The killer fled the scene but was arrested eight hours later in a nearby parking lot. He was later found to be incompetent to stand trial.
Officer Steed had served with the San Clemente Police Department for less than two years, and had previously served with the U.S. Marine Corps. He was survived by his wife.
A park in San Clemente has been named for Officer Steed and a portion of Interstate 5 has been dedicated in his memory. He was the only member of the San Clemente Police Department to have been killed in the line of duty. Policing services in San Clemente now are provided by the Orange County Sheriff’s Department.
Garden Grove Police Officer Donald F. Reed
On June 7, 1980, Officer Reed was in the Cripple Creek Bar serving a felony arrest warrant. He and three others officers arrested the suspect and as they were walking him out of the back door, the man suddenly jerked free and started shooting, fatally wounding Officer Reed. Two other officers also were wounded as well as two bar patrons.
The suspect was sentenced to death but a retrial was ordered on appeal. He was convicted again in 2000, making this one of the longest death penalty cases in California history.
Officer Reed left behind a wife and two sons.
Garden Grove Police Officer Michael Lloyd Rainford
On Nov.7, 1980, Officer Michael Rainford was struck and killed by a drunk driver on the Garden Grove Freeway.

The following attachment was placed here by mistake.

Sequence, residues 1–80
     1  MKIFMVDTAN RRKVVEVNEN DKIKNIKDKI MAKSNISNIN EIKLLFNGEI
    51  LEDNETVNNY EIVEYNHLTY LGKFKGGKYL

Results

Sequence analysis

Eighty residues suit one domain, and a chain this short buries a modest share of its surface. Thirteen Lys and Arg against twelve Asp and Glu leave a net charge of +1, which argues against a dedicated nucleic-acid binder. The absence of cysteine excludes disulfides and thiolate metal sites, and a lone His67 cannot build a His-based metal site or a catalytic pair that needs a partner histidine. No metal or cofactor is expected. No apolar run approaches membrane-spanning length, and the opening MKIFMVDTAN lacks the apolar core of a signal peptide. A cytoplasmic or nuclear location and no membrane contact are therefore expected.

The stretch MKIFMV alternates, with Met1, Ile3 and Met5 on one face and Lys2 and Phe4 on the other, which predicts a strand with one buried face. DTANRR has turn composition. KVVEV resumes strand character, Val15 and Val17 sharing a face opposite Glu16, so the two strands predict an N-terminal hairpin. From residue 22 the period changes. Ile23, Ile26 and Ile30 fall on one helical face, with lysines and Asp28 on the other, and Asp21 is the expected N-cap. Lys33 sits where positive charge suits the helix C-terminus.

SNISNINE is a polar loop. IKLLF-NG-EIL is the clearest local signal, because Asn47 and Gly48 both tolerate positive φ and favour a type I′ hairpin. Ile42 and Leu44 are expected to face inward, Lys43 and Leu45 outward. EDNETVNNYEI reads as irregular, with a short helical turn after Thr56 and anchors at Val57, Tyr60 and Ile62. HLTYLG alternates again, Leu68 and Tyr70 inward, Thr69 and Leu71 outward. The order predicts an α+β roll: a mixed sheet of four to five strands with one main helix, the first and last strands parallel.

He had just made a traffic stop and was exiting his cruiser when the drunk driver crashed into the back of his cruiser, fatally injuring him.
The suspect was apprehended and charged with drunk driving, hit and run, and manslaughter.
Officer Rainford was 23 and married. His wife was pregnant with their second child at the time of his passing.
Costa Mesa Police Officer James David Ketchum and Costa Mesa Police Officer John W. “Mike” Libolt
On March 10, 1987, Officer Ketchum and his partner Officer John Libolt were killed when their helicopter was involved in a midair collision with the Newport Beach Police Department’s helicopter while they were giving air support to a vehicle pursuit. A civilian flight instructor riding in the helicopter also was killed.
The helicopter crashed after the collision near UCI and the 405 Freeway.
The suspect later was caught in Anaheim after a prolonged chase. He later was tried and convicted of murder but the conviction was overturned on appeal. His conviction was reduced to manslaughter.
Officer Ketchum was married and left behind two daughters, 12 and 13.
Officer Libolt was engaged to be married that June. He also had two children from a previous marriage.
The call sign of their unit Eagle II was retired in their memory. They were the first Costa Mesa officers to be killed in the line of duty.
Seal Beach Police Officer Edward William Clavell, Jr.
On Aug. 25, 1988 Officer Edward William Clavell Jr., 31, of Westminster was involved in a crash at Westminster Avenue and Seal Beach Boulevard.
Officer Clavell had previously worked for the Orange County Sheriff’s Department and Westminster Police Department.
To read Part 1 click here
To read Part 2 click here
Joe is a retired Anaheim Police Department captain. You can reach him at firstname.lastname@example.org.